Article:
146. If a man takes a wife and she give this man a maid-servant as wife and she has his children, and then this maid assumes equality with the wife: because she has mothered his children her master cannot sell her for money, but he may keep her as a slave, reckoning her among the maid-servants.

147. If she has not had his children, then her mistress may sell her for money.

148. If a man’s wife gets a disease. If he then desires to take a second wife he cannot put away his wife, who has been attacked by disease, but he can keep her in the house that he has built and support her so long as she lives.

149. If this woman does not wish to remain in her husband's house, then he will compensate her for the dowry that she brought with her from her father's house, and she may go.

150. If a man gave his wife a field, garden, and house and a deed therefore, if then after the death of her husband the sons raise no claim, then the mother may bequeath all to one of her sons whom she prefers, and need leave nothing to his brothers.

151. If a woman who lived in a man's house made an agreement with her husband, that no creditor can arrest her, and has given a document therefore: if that man, before he married that woman, had a debt, the creditor can not hold the woman for it. But if the woman, before she entered the man's house, had contracted a debt, her creditor cannot arrest her husband therefore.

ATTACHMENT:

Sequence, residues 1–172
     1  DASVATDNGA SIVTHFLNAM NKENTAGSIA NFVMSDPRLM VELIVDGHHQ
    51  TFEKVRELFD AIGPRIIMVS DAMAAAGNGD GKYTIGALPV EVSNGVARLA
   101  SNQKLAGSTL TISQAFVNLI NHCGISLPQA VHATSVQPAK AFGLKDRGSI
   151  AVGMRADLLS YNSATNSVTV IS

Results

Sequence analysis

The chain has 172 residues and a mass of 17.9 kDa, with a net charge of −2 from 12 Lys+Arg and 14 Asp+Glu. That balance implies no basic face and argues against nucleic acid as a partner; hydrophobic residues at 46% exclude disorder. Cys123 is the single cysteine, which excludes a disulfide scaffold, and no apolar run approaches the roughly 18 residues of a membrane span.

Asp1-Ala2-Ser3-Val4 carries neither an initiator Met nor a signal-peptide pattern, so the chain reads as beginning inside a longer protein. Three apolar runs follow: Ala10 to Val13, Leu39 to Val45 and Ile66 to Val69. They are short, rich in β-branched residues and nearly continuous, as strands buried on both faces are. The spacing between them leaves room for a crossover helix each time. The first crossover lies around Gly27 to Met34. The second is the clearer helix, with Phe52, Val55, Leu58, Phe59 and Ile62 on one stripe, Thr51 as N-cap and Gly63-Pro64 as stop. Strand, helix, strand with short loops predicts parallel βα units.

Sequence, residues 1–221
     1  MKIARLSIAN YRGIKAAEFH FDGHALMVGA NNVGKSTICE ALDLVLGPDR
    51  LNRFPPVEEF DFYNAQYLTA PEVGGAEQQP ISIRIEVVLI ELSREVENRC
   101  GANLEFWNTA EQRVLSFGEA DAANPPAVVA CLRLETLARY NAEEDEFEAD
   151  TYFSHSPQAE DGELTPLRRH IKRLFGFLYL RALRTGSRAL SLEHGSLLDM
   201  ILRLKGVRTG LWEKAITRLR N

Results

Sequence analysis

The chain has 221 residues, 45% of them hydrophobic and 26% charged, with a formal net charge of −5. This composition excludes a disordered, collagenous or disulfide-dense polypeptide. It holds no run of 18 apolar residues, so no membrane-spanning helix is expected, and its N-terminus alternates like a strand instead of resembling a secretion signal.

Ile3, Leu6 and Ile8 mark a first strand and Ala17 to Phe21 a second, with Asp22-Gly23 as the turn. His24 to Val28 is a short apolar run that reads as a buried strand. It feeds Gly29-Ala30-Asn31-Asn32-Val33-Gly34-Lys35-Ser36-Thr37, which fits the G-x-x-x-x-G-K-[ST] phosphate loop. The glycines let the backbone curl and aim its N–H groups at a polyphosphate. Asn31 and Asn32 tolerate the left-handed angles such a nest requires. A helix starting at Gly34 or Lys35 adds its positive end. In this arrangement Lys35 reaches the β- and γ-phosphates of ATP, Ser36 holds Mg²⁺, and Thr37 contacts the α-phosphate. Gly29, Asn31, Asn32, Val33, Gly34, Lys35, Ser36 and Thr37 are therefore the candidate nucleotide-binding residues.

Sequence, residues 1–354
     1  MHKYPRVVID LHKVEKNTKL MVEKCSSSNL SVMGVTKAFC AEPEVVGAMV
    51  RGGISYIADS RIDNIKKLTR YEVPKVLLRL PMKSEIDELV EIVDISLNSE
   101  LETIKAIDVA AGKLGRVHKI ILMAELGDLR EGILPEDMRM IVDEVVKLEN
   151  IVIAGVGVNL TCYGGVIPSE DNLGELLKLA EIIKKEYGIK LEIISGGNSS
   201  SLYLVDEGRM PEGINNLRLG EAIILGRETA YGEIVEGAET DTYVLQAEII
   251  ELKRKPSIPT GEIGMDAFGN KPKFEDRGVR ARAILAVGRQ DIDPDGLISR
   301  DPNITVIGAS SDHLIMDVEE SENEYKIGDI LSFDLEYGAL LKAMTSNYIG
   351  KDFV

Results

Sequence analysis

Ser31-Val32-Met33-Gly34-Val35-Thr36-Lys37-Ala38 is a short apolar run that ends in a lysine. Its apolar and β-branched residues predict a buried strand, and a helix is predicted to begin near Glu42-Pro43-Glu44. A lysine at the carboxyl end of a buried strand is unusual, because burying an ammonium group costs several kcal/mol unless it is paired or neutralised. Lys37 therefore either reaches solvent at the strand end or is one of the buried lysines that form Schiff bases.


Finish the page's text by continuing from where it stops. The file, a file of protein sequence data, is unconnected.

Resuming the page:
152. If after the woman had entered the man's house, both contracted a debt, both must pay the merchant.

153. If the wife of one man on account of another man has their mates (her husband and the other man's wife) murdered, both of them shall be impaled.

154. If a man were guilty of incest with his daughter, he shall be driven from the place (exiled).

155. If a man betroth a girl to his son, and his son have intercourse with her, but he (the father) afterward defile her, and be surprised, then he shall be bound and cast into the water (drowned).